We saw in Chapter 1 that by strengthening the principal–agent relationship between electorates and politicians, democratic governance can protect against collective choices that overly serve concentrated economic interests and thus improve the welfare of consumer electorates while expanding society’s economic opportunities more generally. But we also raised the principled concern that electorates can pursue their own concentrated interests, even at the expense of efficiency, and showed that this concern gives rise to a theoretically robust and observable implication – when democratic governance goes too far, firms curb their productive activity and market output decreases as a result.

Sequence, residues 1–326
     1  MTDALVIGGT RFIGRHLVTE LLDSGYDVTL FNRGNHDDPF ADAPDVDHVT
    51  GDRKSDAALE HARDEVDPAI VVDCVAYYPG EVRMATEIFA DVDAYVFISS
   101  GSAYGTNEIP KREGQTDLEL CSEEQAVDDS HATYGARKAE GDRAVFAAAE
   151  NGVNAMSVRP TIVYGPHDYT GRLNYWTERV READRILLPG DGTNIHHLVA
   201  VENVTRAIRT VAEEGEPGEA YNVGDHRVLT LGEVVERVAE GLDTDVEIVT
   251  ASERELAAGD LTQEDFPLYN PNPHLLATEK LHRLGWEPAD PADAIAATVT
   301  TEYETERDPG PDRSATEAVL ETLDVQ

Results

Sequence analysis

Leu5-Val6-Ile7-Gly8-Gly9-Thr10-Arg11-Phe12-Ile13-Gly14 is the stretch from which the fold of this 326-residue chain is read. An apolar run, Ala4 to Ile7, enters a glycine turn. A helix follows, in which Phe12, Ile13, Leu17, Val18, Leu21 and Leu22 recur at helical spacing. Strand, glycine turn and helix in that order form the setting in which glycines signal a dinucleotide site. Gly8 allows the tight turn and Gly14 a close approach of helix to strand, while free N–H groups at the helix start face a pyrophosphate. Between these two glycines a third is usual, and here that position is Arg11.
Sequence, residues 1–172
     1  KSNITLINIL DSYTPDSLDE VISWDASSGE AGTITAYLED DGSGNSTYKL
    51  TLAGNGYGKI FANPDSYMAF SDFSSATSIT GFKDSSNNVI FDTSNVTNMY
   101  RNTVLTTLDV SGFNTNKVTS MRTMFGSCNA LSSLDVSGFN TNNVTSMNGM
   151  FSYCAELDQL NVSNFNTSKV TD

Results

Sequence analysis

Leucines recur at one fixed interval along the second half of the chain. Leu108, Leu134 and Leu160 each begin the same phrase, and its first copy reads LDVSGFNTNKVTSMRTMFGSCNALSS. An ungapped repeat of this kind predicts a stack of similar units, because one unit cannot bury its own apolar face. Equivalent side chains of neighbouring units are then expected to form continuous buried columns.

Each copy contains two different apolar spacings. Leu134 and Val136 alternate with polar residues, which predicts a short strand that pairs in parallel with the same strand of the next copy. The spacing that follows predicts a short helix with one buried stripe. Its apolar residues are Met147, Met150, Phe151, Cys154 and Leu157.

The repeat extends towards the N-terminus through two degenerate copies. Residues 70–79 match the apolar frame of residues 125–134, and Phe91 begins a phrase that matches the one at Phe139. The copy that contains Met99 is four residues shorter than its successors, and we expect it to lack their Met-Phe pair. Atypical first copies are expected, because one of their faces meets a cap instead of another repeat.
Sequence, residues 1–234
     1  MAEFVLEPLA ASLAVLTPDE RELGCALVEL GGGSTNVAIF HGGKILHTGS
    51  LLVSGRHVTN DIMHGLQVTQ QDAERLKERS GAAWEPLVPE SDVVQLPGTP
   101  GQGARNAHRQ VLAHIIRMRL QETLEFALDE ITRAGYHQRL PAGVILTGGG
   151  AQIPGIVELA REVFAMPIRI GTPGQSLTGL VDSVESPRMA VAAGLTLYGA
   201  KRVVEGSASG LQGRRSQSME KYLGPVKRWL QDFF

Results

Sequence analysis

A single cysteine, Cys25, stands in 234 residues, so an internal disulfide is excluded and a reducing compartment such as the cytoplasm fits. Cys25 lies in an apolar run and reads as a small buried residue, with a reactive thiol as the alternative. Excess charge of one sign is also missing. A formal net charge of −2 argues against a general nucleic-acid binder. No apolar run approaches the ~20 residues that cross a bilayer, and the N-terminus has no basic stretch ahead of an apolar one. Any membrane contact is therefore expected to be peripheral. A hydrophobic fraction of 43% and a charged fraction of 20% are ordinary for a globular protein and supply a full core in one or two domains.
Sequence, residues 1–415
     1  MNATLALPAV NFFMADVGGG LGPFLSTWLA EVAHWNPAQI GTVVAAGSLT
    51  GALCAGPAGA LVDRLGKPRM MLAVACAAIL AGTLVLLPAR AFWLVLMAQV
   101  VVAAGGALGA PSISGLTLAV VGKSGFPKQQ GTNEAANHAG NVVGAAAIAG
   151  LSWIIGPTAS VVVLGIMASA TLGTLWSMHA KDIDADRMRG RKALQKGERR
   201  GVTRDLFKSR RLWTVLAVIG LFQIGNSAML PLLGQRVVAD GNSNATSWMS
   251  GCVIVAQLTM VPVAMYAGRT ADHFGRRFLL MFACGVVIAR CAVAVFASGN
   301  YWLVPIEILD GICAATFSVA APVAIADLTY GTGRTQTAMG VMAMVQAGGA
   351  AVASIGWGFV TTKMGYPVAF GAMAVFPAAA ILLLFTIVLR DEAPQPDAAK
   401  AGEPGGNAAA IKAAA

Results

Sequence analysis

The US telecommunications sector offers an attractive quasi-experimental setting in which to empirically evaluate this relationship. Importantly, institutions that influence the strength of democratic governance (e.g., campaign finance laws, election and appointment processes, voter registration rules),...
KeywordsFederal Communication Commission Democratic Institution Campaign Contribution Democratic Governance Campaign Finance
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